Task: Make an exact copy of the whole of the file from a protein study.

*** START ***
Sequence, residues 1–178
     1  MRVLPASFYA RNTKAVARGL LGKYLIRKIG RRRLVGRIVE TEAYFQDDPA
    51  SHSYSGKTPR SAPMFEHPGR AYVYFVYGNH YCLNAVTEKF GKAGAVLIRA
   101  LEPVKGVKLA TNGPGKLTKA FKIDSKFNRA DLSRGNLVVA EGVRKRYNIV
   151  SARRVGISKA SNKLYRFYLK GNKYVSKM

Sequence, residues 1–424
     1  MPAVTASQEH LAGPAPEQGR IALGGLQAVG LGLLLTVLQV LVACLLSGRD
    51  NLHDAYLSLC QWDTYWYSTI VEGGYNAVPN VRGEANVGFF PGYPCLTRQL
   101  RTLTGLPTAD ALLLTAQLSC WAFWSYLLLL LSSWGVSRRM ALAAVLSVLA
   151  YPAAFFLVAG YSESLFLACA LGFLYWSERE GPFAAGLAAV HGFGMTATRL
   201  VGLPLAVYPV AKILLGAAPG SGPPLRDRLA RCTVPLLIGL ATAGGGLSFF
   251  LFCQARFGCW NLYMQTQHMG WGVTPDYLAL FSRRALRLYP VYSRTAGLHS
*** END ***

Sequence, residues 1–178
     1  MRVLPASFYA RNTKAVARGL LGKYLIRKIG RRRLVGRIVE TEAYFQDDPA
    51  SHSYSGKTPR SAPMFEHPGR AYVYFVYGNH YCLNAVTEKF GKAGAVLIRA
   101  LEPVKGVKLA TNGPGKLTKA FKIDSKFNRA DLSRGNLVVA EGVRKRYNIV
   151  SARRVGISKA SNKLYRFYLK GNKYVSKM

Sequence, residues 1–424
     1  MPAVTASQEH LAGPAPEQGR IALGGLQAVG LGLLLTVLQV LVACLLSGRD
    51  NLHDAYLSLC QWDTYWYSTI VEGGYNAVPN VRGEANVGFF PGYPCLTRQL
   101  RTLTGLPTAD ALLLTAQLSC WAFWSYLLLL LSSWGVSRRM ALAAVLSVLA
   151  YPAAFFLVAG YSESLFLACA LGFLYWSERE GPFAAGLAAV HGFGMTATRL
   201  VGLPLAVYPV AKILLGAAPG SGPPLRDRLA RCTVPLLIGL ATAGGGLSFF
   251  LFCQARFGCW NLYMQTQHMG WGVTPDYLAL FSRRALRLYP VYSRTAGLHS